Sam Han

interdisciplinary social scientist

(Inter)Facing Death

: Life in Global Uncertainty (2019)

In modern times, death is understood to have undergone a transformation not unlike religion. Whereas in the past it was out in the open, it now resides mostly in specialized spaces of sequestration - funeral homes, hospitals, and other medical facilities. A mainstay in so-called traditional societies in the form of ritual practices, death was usually messy but meaningful, with the questions of what happens to the dead or where they go lying at the heart of traditional culture and religion. In modernity, however, we are said to have effectively sanitized it, embalmed it and packaged it - but it seems that death is back. In the current era marked by economic, political and social uncertainty, we see it on television, on the Internet; we see it almost everywhere. (Inter)Facing Death analyzes the nexus of death and digital culture in the contemporary moment in the context of recent developments in social, cultural and political theory. It argues that death today can be thought of as "interfaced," that is mediated and expressed, in various aspects of contemporary life rather than put to the side or overcome as many narratives of modernity have suggested. Employing concepts from anthropology, sociology, media studies and communications, (Inter)Facing Death examines diverse phenomena where death and digital culture meet, including art, online suicide pacts, the mourning of celebrity deaths, terrorist beheadings and selfies. Providing new lines of thinking about one of the oldest questions facing the human and social sciences, this book will appeal to scholars and students of social and political theory, anthropology, sociology and cultural and media studies with interests in death.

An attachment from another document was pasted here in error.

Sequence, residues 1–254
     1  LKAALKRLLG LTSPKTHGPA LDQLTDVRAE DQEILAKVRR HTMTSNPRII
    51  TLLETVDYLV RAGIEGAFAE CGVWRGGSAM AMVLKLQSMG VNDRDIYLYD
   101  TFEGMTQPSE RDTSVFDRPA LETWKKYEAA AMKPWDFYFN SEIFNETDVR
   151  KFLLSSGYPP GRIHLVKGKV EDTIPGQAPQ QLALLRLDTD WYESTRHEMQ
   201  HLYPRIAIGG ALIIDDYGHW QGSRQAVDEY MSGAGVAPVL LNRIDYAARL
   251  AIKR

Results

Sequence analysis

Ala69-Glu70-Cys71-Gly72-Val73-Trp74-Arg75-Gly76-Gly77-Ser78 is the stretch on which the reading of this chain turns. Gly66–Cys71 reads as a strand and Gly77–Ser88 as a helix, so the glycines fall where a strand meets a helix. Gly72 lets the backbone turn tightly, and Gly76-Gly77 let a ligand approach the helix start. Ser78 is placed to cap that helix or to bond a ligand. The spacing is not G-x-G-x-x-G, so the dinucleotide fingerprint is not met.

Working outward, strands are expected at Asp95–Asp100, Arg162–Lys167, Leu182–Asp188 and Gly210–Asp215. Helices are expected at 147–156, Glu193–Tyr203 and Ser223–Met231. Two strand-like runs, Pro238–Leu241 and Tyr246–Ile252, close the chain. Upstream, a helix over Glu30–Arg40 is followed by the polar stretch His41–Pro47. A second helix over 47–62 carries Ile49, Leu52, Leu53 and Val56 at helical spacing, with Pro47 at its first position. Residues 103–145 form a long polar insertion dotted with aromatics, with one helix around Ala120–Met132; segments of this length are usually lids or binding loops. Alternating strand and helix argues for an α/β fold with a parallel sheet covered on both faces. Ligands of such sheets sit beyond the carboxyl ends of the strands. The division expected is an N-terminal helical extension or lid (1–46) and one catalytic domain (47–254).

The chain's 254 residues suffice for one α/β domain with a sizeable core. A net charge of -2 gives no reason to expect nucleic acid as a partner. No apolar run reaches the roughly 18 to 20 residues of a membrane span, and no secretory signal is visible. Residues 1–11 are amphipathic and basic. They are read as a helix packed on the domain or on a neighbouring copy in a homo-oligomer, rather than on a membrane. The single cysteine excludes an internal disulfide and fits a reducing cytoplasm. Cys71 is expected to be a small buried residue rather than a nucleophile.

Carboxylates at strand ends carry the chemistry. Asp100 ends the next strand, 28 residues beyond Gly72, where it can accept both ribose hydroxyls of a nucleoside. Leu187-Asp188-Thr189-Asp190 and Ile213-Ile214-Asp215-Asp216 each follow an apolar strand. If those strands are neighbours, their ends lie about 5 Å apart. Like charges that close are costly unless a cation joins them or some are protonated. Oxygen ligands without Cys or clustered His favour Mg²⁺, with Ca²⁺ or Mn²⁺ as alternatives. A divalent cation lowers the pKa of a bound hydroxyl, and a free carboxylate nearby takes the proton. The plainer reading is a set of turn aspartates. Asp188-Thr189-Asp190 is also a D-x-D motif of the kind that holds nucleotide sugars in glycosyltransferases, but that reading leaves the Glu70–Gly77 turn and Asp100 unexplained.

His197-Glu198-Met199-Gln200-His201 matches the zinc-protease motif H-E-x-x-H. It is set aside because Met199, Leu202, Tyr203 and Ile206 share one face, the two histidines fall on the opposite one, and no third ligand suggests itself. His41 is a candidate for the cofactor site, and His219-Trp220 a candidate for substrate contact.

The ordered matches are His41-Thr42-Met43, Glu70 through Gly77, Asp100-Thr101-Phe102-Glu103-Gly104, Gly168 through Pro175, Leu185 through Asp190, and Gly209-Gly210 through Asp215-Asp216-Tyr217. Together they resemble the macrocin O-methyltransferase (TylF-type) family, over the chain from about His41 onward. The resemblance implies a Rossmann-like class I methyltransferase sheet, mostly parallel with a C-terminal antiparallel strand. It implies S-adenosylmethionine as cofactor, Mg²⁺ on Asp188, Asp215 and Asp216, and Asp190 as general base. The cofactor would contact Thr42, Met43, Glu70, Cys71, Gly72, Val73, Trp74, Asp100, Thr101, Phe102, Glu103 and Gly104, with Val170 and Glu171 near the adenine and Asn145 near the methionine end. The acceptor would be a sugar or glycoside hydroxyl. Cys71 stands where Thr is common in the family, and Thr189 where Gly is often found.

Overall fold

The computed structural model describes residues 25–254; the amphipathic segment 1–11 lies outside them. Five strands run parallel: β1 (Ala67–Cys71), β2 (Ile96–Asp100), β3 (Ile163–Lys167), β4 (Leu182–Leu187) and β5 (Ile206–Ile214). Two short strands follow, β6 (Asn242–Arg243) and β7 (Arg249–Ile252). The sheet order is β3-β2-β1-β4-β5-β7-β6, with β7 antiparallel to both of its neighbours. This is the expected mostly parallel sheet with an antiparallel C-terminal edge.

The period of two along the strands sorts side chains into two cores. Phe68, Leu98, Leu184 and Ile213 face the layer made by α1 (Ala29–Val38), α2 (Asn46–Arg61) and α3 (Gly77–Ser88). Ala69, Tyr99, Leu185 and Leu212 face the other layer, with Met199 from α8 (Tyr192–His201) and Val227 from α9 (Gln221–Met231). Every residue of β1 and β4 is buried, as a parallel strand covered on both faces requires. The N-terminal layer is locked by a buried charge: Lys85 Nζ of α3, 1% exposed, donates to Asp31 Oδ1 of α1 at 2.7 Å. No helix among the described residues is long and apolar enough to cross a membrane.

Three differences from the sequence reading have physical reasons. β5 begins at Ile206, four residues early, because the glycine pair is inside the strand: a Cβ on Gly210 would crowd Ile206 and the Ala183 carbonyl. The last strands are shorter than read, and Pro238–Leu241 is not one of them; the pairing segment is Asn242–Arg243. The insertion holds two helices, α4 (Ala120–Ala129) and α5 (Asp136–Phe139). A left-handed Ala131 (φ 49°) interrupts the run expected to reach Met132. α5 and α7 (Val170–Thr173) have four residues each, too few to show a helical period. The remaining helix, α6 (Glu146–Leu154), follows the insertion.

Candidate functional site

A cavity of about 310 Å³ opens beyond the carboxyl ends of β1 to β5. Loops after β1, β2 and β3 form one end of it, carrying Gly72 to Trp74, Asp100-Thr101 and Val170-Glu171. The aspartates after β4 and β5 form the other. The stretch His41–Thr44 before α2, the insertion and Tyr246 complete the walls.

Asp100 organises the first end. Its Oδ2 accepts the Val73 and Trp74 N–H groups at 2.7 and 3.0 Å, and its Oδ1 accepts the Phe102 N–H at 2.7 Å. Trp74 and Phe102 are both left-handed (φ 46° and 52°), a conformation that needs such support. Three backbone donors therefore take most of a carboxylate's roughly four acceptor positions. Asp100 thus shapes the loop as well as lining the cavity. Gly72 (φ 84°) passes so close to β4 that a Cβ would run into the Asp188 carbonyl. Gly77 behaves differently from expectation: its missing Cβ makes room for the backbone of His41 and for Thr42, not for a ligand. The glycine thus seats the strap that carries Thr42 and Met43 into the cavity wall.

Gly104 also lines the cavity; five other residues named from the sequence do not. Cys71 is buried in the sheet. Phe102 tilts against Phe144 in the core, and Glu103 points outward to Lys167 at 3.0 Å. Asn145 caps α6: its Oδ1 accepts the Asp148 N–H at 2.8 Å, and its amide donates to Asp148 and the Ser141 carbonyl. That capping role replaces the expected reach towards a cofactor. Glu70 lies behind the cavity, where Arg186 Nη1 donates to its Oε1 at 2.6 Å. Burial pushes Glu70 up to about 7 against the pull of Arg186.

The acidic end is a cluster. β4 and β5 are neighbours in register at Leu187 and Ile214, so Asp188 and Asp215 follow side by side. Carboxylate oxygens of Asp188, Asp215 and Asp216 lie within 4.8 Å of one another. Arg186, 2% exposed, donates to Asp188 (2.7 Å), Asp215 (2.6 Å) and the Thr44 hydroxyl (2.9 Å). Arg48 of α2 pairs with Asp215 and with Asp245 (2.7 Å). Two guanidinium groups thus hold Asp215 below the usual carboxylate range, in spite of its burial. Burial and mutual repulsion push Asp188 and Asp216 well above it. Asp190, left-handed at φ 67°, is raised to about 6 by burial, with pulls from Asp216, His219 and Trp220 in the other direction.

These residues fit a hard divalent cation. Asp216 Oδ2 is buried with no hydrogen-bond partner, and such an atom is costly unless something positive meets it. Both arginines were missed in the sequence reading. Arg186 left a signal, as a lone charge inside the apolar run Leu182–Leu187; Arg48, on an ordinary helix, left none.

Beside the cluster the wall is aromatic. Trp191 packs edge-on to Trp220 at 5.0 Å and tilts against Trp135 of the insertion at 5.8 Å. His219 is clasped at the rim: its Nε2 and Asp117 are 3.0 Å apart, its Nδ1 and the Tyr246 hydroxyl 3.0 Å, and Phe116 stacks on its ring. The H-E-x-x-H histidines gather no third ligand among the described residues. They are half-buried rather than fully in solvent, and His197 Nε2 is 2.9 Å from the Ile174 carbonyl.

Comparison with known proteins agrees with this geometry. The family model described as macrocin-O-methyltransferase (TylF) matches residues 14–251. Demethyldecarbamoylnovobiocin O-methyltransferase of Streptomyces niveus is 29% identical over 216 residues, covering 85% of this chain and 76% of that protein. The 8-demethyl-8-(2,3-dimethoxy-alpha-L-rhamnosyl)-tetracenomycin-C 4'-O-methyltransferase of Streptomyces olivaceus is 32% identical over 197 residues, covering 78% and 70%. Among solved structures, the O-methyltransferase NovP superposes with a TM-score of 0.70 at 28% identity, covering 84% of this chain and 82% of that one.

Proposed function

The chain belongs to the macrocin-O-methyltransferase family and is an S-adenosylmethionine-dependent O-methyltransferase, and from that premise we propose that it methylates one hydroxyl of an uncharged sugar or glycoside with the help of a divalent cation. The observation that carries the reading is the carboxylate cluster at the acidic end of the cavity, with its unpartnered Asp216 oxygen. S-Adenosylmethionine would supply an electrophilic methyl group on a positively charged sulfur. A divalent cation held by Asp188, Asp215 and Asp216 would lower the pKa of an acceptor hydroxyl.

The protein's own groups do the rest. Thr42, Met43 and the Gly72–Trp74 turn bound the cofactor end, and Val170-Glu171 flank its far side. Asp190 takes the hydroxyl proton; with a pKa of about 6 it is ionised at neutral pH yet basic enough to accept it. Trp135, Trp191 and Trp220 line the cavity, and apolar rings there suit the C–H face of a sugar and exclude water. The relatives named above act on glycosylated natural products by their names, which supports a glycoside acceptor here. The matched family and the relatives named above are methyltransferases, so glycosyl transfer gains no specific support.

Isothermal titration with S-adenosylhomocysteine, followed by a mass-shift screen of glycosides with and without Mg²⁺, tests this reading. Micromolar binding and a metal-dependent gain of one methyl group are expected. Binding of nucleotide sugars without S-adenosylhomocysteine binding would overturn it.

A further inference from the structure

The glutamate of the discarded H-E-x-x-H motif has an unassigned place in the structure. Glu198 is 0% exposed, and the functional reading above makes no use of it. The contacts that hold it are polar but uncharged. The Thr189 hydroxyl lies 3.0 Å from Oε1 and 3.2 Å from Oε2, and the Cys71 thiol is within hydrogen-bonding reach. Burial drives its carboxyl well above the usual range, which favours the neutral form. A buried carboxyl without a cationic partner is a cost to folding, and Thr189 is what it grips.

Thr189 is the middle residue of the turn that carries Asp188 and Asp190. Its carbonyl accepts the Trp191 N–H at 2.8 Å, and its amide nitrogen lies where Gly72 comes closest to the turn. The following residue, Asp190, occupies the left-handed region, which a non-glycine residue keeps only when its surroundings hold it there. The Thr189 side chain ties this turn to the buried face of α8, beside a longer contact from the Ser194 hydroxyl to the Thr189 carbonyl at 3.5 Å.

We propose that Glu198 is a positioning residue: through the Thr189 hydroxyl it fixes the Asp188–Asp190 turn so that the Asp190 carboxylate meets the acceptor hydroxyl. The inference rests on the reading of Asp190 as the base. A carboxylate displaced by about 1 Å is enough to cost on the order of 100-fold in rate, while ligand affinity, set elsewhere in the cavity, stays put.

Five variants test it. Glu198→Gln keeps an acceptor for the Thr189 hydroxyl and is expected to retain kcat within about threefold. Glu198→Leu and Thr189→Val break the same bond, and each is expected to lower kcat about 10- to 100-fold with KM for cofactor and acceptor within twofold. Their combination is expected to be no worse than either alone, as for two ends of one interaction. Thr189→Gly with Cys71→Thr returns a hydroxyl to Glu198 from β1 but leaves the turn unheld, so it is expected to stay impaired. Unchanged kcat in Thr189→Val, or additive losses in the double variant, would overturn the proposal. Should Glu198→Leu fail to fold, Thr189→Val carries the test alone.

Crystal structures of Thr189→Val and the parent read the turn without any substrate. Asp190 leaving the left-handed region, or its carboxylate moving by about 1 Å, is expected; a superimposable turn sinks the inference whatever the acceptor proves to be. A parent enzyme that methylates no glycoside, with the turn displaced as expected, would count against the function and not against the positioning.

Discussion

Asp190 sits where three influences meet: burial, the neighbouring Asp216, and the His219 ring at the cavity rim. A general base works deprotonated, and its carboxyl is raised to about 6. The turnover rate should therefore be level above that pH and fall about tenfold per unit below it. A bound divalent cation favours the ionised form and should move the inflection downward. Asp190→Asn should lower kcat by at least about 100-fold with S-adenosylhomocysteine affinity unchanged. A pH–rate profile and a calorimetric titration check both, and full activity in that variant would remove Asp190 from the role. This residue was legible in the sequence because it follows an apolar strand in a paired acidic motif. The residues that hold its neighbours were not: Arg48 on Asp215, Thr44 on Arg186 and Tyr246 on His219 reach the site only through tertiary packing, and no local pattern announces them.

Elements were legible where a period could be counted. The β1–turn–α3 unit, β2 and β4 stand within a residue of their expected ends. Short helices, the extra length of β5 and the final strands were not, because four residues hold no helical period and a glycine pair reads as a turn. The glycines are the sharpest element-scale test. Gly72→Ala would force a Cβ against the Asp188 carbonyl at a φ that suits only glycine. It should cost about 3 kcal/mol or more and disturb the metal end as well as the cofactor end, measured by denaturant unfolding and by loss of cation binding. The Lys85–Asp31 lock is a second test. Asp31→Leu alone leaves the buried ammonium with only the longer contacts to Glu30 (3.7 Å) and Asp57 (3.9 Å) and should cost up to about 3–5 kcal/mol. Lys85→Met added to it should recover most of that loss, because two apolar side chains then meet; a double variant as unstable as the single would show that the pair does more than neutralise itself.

Special Issue of Religions: Religion, Power, and Resistance: New Ideas for a Divided World (Volume 10, Issue 7, 2019)

Guest Editors; Anna Halafoff, Sam Han, Caroline Starkey and James Spickard

The papers in this Special Issue have been drawn from the XIX International Sociological Association’s World Congress, Research Committee 22 on Sociology of Religion sessions, which took place in Toronto in July, 2018. They focus on religion and power, intersectional violence, social divisions, and also resistance to power, violence, and division. They include the following themes: religion and nationalism; religion and social theory; religion and diversity; religion and violent extremism; religion and gender inequality; religion and sexuality inequality; religion and environmental crises; and religion and violent and nonviolent social movements.

SPECIAL ISSUE OF THE JOURNAL OF KOREAN RELIGIONS: RELIGION AND MEDIA IN KOREA(VOLUME 8, NUMBER 2, OCTOBER 2017)

Guest Editors: Kyuhoon Cho, Sam Han, and Jin Kyu Park

Special issue articles include:

A History of Religious Broadcasting in Korea from a Religious Politics Standpoint: Focusing on the Period of a Protestant Broadcasting Monopoly
by Sungmin Lee

The Role of Newspapers in the Early Korean Protestant Community: An Analysis of The Korean Christian Advocate and The Christian News
by Minjung Noh

Religion in the Press: The Construction of Religion in the Korean News Media
by Kyuhoon Cho

The Culture-Religion Nexus: (Neo-)Durkheimianism and Mediatized Confucianism in Korean “Piety Travel”
by Sam Han

Authenticity, Brand Culture, and Templestay in the Digital Era: The Ambivalence and In-Betweenness of Korean Buddhism
by Seung Soo Kim

TECHNOLOGIES OF RELIGION: SPHERES OF THE SACRED IN A POST-SECULAR MODERNITY(2016)